Paul Finch’s letter from London: Global differences in architectural education
Architectural education was the subject of the last of three RIBA events commemorating the life and work of Peter and Muriel Melvin, funded by their family. Each explored an aspect of the profession which had interested them. Earlier this year we reported on the first two, which dealt with the relationship between new and old, and between design innovation and risk in the legal context within which architects work.
Each of those had history and precedent as sub-texts, and to an extent this was true of last week’s event, entitled Education in Architecture: Global Difference? Speakers from Europe, Africa and South America shared thoughts and criticisms, beginning with Neil Spiller, the new head of the school of architecture and construction at the University of Greenwich.
His ‘clarion call for variety’ was based on an admiration for the ‘naïveté and bravado of youth, the lifeblood of the architecture school’. Yet this was centred on the school being a meritocracy; that self-realisation on the part of the students could not be achieved through spoon-feeding; and that there needed to be a combination of the empirical and the poetic if a productive sensibility were to be achieved. Though repulsed by the idea of students as ‘oven-ready turkeys’, he insisted schools should deliver a sound technical education. Dogma, for example parametricism, was out.
Vittorio Lampugnani from the ETH Zurich Faculty of Architecture demonstrated why he is so highly regarded as a historian and a critic with a deft examination of what kind of architect we think education should be helping to create. The Vitruvian definition, covering a wide variety of subjects as well as mastery of building, was cited.
His conclusion was that the architect had to be an intellectual, that is to say someone who could be reflective about their own time and their own activity. He agreed on the need for technical mastery, but suggested that you achieved this by learning method, not recipes, so that you were mentally equipped to deal with inevitable change. For him history was critical, because that was the discipline which facilitated an understanding of the changing relationships between architects, architecture and society.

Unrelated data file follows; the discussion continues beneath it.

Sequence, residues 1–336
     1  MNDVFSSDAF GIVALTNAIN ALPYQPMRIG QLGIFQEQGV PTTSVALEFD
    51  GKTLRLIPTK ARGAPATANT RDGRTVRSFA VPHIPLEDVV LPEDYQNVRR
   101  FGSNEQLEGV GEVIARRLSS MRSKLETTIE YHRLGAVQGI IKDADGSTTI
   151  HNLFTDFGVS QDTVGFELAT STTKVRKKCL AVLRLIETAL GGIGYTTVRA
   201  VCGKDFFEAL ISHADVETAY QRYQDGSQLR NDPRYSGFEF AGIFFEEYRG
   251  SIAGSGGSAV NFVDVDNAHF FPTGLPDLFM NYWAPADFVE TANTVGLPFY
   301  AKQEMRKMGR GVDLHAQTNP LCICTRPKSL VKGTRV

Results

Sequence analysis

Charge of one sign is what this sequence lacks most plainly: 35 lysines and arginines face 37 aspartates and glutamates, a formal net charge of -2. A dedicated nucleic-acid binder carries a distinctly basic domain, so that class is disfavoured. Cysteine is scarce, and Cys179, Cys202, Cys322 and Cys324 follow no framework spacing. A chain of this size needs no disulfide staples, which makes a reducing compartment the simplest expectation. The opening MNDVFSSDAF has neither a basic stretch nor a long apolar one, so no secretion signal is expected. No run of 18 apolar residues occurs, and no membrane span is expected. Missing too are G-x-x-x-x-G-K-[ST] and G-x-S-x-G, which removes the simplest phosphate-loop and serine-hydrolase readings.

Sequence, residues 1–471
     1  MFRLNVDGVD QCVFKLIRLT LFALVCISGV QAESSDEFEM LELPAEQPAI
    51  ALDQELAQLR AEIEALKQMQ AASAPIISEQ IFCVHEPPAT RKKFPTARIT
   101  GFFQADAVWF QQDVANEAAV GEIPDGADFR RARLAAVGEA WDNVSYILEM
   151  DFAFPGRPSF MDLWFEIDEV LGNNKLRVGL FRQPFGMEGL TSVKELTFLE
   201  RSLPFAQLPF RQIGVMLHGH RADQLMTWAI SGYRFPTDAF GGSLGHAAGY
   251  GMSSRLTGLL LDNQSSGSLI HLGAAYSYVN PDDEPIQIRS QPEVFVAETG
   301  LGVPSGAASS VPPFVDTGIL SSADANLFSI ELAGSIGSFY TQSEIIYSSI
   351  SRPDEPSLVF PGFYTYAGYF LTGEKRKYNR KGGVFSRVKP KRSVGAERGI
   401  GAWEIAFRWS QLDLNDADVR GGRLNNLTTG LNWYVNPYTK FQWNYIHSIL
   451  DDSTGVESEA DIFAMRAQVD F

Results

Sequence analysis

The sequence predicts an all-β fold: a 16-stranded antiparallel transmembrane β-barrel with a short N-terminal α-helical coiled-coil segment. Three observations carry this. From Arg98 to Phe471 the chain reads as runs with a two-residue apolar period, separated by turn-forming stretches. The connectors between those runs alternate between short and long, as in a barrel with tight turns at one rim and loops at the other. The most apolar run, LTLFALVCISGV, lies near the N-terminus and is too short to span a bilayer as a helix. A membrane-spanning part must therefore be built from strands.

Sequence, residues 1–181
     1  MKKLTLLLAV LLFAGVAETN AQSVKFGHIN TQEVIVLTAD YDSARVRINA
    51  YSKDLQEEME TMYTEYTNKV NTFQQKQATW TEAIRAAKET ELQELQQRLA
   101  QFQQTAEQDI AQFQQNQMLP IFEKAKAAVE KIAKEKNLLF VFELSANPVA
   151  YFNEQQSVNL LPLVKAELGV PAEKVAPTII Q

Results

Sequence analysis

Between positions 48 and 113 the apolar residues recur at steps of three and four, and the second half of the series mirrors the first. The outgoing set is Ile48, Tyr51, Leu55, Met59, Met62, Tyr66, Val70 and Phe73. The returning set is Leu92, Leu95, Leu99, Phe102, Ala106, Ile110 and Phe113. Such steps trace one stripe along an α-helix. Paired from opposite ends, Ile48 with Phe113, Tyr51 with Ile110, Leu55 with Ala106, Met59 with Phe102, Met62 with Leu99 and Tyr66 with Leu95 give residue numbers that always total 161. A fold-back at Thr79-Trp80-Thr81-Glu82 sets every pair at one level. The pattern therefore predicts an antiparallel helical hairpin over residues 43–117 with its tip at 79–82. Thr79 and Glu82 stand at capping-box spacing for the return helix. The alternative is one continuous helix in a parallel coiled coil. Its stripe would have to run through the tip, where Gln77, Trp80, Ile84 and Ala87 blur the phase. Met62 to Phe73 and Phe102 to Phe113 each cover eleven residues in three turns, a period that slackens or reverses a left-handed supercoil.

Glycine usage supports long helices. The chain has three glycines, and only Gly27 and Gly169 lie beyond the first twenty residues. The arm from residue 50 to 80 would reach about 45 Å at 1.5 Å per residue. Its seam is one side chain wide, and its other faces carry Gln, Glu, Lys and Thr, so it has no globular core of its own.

He believed in the design studio both as a ‘didactic reconstruction of professional practice’, and as the occasion of the synthesis of the technical and the intellectual, where the logical evolution of design could be progressed.
Concluding the first half of the event, University of Liverpool professor David Dunster reminded us about Lord Llewelyn-Davies, who ran the Bartlett in the 1960s on the basis (a) teaching was about imparting knowledge; (b) there were no facts about design and therefore (c) design could not be taught. That view of the world was rejected by Bob Maxwell, who received generous praise from Dunster. Maxwell had argued that what you needed was a ‘coherent didactic structure’ for education to take place, not denial.
Whether that is what you get these days was open to question, on the basis of Dunster’s review of architecture school websites. He thought Yale, Oxford Brookes and Greenwich were pretty good in nailing their intellectual colours to the mast. However, of 25 he looked at, not one showed an inaugural lecture by a head of school. Many claimed that they were good on the basis of their research record rather than their success in teaching.
He wittily ridiculed the use of ‘weasel words’ such as ‘sustainable’, ‘appropriate’ and ‘consistent’, though he did not mention whether specific teaching about energy, climate or carbon was a good idea. A bad idea, in his view, was the unit system because it suppressed discourse and disagreement in favour of the single (teacher’s) voice. As provocative as ever, Dunster claimed it was impossible to teach technology, prompting Sam Webb to make the opposite argument.
There will be more about this subject next week, with perspectives from other continents.